WELSH Government are continuing to press UK Government to bring forward support needed to help retain jobs across the country.

Earlier today, First Minister Mark Drakeford told the Senedd’s plenary he had written to the Chancellor asking him to bring forward the start date of the Job Support Scheme to October 23.

“It cannot be that it was financial reasons that prevented him from agreeing to that, because we agreed as a Welsh Government to pay the additional £11 million that it would’ve cost the Treasury from our own resources if that was the sticking point,” Mr Drakeford told MSs.

“So it can not have been turned down on cost grounds, and it is difficult to see why the Chancellor didn’t feel that he was able to play his part.

“I have written again to him today offering him a different solution – a solution in which the qualifying terms for the last week of the furlough scheme will be brought into line with the Job Support Scheme which will begin from November 1 and make it more available to more citizens here in Wales.

“We keep offering solutions and so far the UK Government keeps turning them down. I do hope the Chancellor will find a different answer in his repertoire in response to my letter today.”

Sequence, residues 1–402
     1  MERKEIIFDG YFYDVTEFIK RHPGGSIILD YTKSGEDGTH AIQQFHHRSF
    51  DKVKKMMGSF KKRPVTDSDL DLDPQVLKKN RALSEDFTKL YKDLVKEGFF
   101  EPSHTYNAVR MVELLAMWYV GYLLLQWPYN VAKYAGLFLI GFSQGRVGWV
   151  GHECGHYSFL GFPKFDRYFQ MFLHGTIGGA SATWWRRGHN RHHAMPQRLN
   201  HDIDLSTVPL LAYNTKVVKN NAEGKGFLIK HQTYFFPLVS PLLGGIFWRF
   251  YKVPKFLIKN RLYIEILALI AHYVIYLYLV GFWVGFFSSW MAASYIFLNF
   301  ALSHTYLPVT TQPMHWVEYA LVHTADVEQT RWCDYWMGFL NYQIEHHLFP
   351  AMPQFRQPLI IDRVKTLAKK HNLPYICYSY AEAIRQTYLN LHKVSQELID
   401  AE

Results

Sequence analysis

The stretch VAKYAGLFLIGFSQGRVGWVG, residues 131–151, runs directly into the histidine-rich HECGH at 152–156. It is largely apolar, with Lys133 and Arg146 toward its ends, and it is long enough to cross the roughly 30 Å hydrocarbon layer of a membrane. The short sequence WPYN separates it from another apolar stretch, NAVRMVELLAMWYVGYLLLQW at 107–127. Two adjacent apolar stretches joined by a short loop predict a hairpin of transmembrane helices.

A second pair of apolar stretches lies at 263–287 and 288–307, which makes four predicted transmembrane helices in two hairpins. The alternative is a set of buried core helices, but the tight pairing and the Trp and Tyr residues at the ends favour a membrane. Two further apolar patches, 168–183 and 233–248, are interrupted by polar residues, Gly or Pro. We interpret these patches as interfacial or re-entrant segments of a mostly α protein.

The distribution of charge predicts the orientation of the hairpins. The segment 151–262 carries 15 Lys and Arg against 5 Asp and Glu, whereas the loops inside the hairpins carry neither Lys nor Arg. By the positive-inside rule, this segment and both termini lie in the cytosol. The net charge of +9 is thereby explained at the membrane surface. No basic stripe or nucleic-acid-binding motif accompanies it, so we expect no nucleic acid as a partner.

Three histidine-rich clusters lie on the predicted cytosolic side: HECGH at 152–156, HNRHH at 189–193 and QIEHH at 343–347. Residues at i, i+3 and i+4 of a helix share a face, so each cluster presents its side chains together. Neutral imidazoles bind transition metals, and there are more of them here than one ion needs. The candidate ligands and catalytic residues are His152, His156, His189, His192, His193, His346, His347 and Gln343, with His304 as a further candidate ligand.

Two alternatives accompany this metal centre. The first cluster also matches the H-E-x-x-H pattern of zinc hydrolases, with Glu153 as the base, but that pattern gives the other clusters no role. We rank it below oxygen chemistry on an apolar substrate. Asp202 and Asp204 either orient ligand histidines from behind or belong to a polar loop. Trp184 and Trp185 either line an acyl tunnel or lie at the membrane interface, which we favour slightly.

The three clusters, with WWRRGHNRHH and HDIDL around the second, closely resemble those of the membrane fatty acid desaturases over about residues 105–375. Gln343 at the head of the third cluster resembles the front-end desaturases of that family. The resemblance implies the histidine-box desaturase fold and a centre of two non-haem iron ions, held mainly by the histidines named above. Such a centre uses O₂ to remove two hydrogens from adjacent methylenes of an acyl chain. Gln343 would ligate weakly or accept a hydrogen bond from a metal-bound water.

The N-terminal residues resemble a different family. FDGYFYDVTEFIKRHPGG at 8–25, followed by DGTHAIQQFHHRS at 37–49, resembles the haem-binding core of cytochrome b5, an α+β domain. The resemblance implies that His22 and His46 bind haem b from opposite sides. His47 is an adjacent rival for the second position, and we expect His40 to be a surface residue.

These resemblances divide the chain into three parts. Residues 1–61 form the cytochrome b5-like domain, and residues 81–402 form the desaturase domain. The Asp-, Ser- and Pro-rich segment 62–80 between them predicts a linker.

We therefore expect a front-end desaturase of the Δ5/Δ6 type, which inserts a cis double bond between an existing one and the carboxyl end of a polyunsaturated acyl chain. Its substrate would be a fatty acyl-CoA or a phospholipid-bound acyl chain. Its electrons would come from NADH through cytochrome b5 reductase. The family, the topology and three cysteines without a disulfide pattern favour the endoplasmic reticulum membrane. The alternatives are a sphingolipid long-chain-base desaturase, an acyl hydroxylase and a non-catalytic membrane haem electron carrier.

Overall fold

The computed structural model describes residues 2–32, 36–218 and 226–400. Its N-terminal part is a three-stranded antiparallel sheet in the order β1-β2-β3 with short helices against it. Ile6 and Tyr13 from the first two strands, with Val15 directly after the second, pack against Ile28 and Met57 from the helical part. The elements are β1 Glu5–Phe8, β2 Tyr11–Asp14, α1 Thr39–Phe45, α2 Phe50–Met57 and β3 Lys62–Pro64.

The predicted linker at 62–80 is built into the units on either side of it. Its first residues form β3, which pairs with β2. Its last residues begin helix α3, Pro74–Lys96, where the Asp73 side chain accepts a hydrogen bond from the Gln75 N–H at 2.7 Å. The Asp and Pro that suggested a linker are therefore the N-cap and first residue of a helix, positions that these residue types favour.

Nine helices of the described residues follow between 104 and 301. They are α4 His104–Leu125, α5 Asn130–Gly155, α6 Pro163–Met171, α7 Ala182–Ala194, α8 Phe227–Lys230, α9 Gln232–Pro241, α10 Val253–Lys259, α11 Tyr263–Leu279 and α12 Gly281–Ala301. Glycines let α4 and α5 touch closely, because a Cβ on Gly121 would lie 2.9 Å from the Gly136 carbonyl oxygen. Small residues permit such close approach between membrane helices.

Economy minister Ken Skates later told a Welsh Government media briefing that ministers were continuing to press the UK Government for support.

He said: "As the First Minister explained yesterday, we pressed the chancellor to bring forward the new jobs support scheme to ensure that all those working for businesses which are forced to close would receive financial support for all employees and would not have access to schemes during this firebreak.”

Mr Skates said that Welsh Government have even offered to “make up the difference” between funding for each employee under the job retention scheme and the job support scheme – but this has so far been refused.

He added: "We are continuing to press the Treasury to do all they can to ensure employees and employers in Wales will benefit from UK Government support during the firebreak to the maximum possible extent."

Ken Skates explained the Welsh Government wanted to top up the UK-wide job support scheme when it replaces the furlough scheme but could not unless it received co-operation from HM Treasury.

The Labour MS said the Welsh Government was prepared to spend around £11 million topping up the wages of people affected to make up the difference in levels of support between the job retention scheme and the new job support scheme.

"So far the Treasury has not responded in a way that we would wish them to," Mr Skates continued.

"However, I can say that the First Minister has today written again to the Chancellor with another practical solution. Now it's important to say that we do not have control over tax records, this is an HMRC administrative issue and it's a reserved matter.

"We need the UK Government to step up and provide the wage subsidy scheme for every single worker who needs it.

"We expect them to do so and, as I've said, we are willing and ready to provide additional financial support and make sure that that scheme is enhanced for everybody affected.

"I don't think it's beyond the imagination, the creativity, the wisdom and wit of the UK Treasury to be able to resolve what appears to be a very simple administrative issue."